Low-Dose Antibiotic Use in Agriculture Externalizes Health Costs

The routine use of antibiotics in animal feeds leads to the emergence of antibiotic resistant infections in humans, which are expensive and difficult to treat. True Cost Accounting (TCA) is a method of better aligning externalized costs of production with end-product values. Many organizations are seeking to account for the true costs of industrial agriculture, which include externalized healthcare costs associated with antibiotic resistance.

Accounting for these costs not only provides more accurate information on the extent of market failure, but also has substantial implications for public health.

The U.S. Food and Drug Administration (FDA) reports that the United States uses nearly 30 million pounds of antibiotics each year for animal production. Of all the antibiotics sold in the U.S. each year, 80 percent are fed at low doses to farm animals that aren’t sick, in order to promote rapid growth. This practice can reduce the costs of production by bringing animals to market much quicker; a typical industrial chicken now reaches market size in about six weeks, as opposed to 70 days in 1955. By cutting costs and scaling up production over several decades, industrial animal producers have been able to provide cheaper meat to domestic and international markets.

However, cheap chicken comes at a steep cost to consumers that become sick from antibiotic-resistant bacteria.

According to the Centers for Disease Control and Prevention (CDC), excess healthcare costs in the U.S. from antibiotic resistance are estimated at US$20 billion annually. People spent an additional 8 million days in the hospital due to these infections in 2011. Other societal costs, such as lost wages from extra days spent in the hospital and premature deaths, were estimated at US$35 billion in 2011.

These costs are not reflected in market prices for foods produced using low doses of antibiotics, but rather, absorbed by consumers that suffer from infections and taxpayers that support public health programs. Furthermore, research supported by the Johns Hopkins Center for a Livable Future has demonstrated that the use of antibiotics for growth promotion in chicken is not cost-effective.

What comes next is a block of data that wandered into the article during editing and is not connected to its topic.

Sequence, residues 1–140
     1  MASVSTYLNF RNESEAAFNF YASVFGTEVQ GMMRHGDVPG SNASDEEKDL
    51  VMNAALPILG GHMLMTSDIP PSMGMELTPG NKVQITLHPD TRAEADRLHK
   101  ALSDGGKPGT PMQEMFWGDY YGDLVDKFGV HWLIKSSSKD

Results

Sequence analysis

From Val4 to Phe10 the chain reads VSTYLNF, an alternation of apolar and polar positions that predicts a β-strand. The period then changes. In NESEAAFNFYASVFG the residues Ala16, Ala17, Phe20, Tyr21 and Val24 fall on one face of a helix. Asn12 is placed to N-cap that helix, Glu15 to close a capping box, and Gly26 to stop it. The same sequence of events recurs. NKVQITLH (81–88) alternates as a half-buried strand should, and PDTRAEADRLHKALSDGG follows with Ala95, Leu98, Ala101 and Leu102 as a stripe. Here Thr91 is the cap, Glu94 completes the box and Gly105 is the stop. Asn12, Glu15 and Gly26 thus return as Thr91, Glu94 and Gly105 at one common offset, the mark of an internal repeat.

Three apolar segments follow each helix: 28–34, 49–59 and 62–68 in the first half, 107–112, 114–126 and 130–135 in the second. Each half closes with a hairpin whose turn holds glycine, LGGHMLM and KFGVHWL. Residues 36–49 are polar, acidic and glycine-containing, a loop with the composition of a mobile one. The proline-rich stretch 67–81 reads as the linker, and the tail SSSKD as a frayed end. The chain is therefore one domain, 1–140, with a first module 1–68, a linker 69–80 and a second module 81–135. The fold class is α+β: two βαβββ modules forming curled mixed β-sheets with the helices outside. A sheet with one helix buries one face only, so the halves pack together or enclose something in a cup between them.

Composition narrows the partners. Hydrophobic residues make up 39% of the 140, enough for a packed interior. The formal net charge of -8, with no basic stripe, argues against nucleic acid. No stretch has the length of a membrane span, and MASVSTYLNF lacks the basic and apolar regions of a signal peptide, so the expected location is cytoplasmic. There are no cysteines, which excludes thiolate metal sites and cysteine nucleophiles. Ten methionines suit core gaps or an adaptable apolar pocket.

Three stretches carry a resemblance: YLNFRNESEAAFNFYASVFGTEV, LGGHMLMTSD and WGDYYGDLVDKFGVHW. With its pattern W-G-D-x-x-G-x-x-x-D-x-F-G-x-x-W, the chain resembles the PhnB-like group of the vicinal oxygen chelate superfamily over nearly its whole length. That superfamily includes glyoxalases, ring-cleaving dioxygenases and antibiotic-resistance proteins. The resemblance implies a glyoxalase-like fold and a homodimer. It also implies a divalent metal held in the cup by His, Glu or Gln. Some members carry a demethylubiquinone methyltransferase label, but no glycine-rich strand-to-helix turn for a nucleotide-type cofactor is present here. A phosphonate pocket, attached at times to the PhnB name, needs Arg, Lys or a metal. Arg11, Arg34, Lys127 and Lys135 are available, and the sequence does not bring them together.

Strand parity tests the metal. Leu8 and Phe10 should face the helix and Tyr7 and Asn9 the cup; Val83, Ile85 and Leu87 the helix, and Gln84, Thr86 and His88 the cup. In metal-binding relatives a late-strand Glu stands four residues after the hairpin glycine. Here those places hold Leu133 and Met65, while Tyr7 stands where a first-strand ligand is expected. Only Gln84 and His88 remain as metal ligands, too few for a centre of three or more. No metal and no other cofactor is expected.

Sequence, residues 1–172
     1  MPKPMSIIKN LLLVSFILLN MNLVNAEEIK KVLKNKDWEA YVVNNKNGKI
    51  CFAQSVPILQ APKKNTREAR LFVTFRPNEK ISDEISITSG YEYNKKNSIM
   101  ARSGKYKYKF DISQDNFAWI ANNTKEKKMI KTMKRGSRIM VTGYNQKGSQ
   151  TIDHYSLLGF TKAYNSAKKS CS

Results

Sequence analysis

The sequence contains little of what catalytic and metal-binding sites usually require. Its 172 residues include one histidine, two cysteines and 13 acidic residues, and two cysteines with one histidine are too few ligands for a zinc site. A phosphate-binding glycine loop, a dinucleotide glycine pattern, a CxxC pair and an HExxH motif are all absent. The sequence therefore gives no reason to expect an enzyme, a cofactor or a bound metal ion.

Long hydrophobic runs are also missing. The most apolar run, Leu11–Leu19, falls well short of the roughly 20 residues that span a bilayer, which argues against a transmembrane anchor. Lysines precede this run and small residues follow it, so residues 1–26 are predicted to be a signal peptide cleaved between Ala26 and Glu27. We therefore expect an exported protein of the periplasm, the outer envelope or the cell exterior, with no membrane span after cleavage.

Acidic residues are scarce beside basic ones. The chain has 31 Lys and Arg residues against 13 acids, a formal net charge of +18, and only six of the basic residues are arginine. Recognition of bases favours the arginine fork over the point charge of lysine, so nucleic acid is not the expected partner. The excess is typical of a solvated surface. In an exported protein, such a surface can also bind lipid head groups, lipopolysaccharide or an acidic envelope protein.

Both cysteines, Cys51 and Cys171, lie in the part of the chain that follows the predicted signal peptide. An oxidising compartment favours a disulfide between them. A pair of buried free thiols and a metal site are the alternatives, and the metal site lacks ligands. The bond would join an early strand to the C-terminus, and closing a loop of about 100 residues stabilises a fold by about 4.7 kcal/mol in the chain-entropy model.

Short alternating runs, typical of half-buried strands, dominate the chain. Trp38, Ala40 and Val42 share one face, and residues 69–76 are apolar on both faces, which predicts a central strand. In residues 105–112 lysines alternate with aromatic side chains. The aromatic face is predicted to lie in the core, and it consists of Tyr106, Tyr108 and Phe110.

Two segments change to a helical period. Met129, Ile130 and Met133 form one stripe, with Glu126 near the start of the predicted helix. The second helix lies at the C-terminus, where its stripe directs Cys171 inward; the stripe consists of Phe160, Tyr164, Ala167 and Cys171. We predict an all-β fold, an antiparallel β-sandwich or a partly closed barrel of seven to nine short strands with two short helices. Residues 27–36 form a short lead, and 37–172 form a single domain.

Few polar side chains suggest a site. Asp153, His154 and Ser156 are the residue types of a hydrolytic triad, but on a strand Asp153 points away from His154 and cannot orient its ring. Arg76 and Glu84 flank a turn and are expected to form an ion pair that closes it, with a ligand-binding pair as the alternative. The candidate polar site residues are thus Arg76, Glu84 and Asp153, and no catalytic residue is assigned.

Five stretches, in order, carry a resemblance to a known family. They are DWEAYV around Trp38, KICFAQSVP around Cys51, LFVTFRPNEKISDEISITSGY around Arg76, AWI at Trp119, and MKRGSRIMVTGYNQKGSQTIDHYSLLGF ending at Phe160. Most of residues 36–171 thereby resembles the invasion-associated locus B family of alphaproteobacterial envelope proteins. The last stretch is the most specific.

In the U.S., at least 2 million people become infected with antibiotic-resistant bacteria every year, according to the CDC. 23,000 people die every year as a direct result of those infections, and many more die from complications. According to the Natural Resources Defense Council (NRDC), in 2010, almost 52 percent of chicken breasts tested were contaminated with antibiotic resistant E. coli. Because of these exorbitant costs and serious public health risks, there is a national movement to end the use of sub-therapeutic antibiotics in agricultural production.

Consumer demand is already shifting purchasing toward meat produced without the use of sub-therapeutic antibiotics.McDonalds and Tyson have both pledged to phase antibiotics out of their supply chains due to pressure from consumers and advocacy organizations.

 These policy changes follow similar actions taken by Chipotle and Chick-fil-A and aim to provide customers with healthier, more ethical food options. “We are seeing companies come to the table because of public pressure in a way they haven’t before,” says Susan Vaughn Grooters, a policy analyst for Keep Antibiotics Working, a coalition of health, animal-welfare and environmental groups. In Grooters’ opinion, the FDA is “being outpaced by the microbes themselves and by the industry.”

However, these actions are voluntary and pledges are non-binding. Through a regulatory approach to sub-therapeutic antibiotic use, the FDA could be much more effective in reining in the externalized costs of antibiotic resistance. The European Union banned the use of antibiotics as growth promoters in 2006, but 10 years later, the U.S. still allows this harmful practice at the expense of public health.

Representative Louise Slaughter, a long-time advocate of more responsible use of antibiotics in agriculture, reintroduced the Preservation of Antibiotics for Medical Treatment Act (PAMTA) in March of 2015. PAMTA would reserve important antibiotics for clinical use, rather than allowing sub-therapeutic doses to be used in animal feeds for industrial production.

“My legislation would save eight critical classes of antibiotics from being routinely fed to healthy animals and would reserve them only for sick humans and sick animals,” Slaughtersays. “Right now, we are allowing the greatest medical advancement of the 20th century to be frittered away, in part because it’s cheaper for factory farms to feed these critical drugs to animals rather than clean up the deplorable conditions on the farm.”

In the 113th Congress, PAMTA had 78 co-sponsors and was endorsed by 450 health, agriculture, environmental, food safety, nutrition, animal protection, religious, labor, and consumer advocate groups. Please support the work of Rep. Slaughter by telling your state representative to support PAMTA and account for the true costs of industrial animal production. Sign the petition HERE!

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